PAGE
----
If you are in business, whether it’s in the capacity of a company director, in management or if you represent a company as its accountant, you must know of the power of a Statutory Demand. This article sets out the huge benefits in using this as a method of very quickly and effectively collecting a debt. Alternatively, if your company receives a Statutory Demand you will see the need to act urgently and seek immediate legal advice.
In practice, the process of issuing a Statutory Demand as a means of collecting debts is now commonly used, although it was originally intended to form the first part in a winding up application.
The Corporations Act specifies that a company is deemed to be insolvent if, having received a Statutory Demand it fails to pay the creditor or have the Statutory Demand set aside by a court. A company may be wound up if it is insolvent, that is the company is finalised and its assets sold to pay its debts. This means therefore, that a Statutory Demand is a useful way to pressure a company to pay its debts.
The most common basis for placing a company into liquidation is insolvency. Just as an individual can be made bankrupt, so a company can be wound up and brought to a commercial end. Whereas an individual continues to live and breathe through and after bankruptcy and the slate is wiped clean, a company is brought to a commercial conclusion by a wind-up application.
The test of whether or not a company is insolvent is whether or not the company is able to pay its debts as and when they become due and payable.
Valid Statutory Demands can only be sent by creditors who have a debt of $2,000 or more, which is due and payable by a company. This does not apply to individuals or people trading under a business name owing money.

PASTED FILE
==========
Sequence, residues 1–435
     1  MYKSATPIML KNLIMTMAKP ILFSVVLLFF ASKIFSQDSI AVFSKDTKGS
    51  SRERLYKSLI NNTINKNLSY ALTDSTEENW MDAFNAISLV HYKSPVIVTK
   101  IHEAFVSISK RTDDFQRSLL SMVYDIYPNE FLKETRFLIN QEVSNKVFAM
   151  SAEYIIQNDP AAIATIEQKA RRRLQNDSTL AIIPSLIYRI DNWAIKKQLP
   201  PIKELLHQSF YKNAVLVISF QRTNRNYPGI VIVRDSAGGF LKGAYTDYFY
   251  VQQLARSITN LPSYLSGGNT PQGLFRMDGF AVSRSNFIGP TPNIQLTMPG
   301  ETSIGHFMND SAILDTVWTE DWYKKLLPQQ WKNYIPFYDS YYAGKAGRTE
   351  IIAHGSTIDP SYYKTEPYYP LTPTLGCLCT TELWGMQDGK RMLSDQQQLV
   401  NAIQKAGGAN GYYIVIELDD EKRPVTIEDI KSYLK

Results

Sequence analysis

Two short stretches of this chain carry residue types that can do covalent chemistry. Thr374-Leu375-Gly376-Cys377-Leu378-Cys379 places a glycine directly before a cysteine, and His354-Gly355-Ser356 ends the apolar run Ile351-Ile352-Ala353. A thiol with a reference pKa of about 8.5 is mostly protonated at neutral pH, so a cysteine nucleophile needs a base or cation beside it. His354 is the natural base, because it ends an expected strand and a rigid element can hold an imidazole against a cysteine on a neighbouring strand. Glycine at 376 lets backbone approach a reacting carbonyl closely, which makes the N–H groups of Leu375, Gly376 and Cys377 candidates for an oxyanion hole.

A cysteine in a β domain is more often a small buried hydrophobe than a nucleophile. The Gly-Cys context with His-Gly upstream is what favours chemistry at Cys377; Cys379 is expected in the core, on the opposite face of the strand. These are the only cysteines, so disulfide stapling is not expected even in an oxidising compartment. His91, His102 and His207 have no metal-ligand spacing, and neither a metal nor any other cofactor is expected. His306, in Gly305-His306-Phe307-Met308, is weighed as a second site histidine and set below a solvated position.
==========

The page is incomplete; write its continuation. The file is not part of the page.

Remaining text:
The debt cannot be in dispute. This means that, for example, if the other party claims the goods delivered were incorrect, or not of merchantable quality then there is a dispute. You may feel it is unmeritorious but that doesn’t matter. Also, if there is a claim against you by the Company, then this can be used as a basis to ‘offset’ the amount claimed. Statutory Demands in these circumstances cannot assist you. On the other hand if you are on the receiving end of a Statutory Demand the process can be interrupted by making this claim.
Company directors, managers, accountants and people in credit control can all benefit by knowing how to minimise an allegation of a genuine dispute. For example, if you are being told by a debtor company that they need more time to pay a debt, before the ‘warning bells’ ring and a legal process starts, it is prudent then to get the person claiming that all will be ok and that they just need time, to put it in writing and to confirm they are authorised by the company to do so. It is then so much harder to subsequently claim there is a ‘genuine dispute’ in circumstances where someone has in effect said on behalf of the company that it just wants more time to pay the money owing.
In addition, you have to be able to put a dollar value on the debt and the debt amountmust be at least $2,000.
The document claiming the demand must be in the prescribed form, must be in writing and must be signed by or on behalf of the creditor. It must correctly state the debtor’s company name and its registered office and it must specify a place in Australia where the debt can be paid. It is permissible to specify that payment be made to the creditor’s solicitors.
The Statutory Demand requires the company to pay the debt or secure or compound the amount owed within 21 days of receiving the Statutory Demand “to the creditor’s satisfaction”. Those words require an objective test. It is for the Court to decide whether a creditor acted reasonably if he or she rejected a debtor’s proposal.
One of the significant advantages of Statutory Demands is that it is notnecessary to first get judgment against the debtor company. This means that to commence action it is much faster and much more efficient, as well as being significantly less costly in legal fees.